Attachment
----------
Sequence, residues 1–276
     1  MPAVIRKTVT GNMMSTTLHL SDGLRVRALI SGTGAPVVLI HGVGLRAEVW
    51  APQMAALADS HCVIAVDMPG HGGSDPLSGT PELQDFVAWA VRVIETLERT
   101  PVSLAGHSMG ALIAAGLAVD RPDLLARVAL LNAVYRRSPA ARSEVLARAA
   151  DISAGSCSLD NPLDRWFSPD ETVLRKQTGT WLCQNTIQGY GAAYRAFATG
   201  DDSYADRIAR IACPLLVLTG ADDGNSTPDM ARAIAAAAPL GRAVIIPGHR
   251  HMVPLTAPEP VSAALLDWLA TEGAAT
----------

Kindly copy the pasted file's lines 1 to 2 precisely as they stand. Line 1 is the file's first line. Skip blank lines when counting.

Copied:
Sequence, residues 1–276
     1  MPAVIRKTVT GNMMSTTLHL SDGLRVRALI SGTGAPVVLI HGVGLRAEVW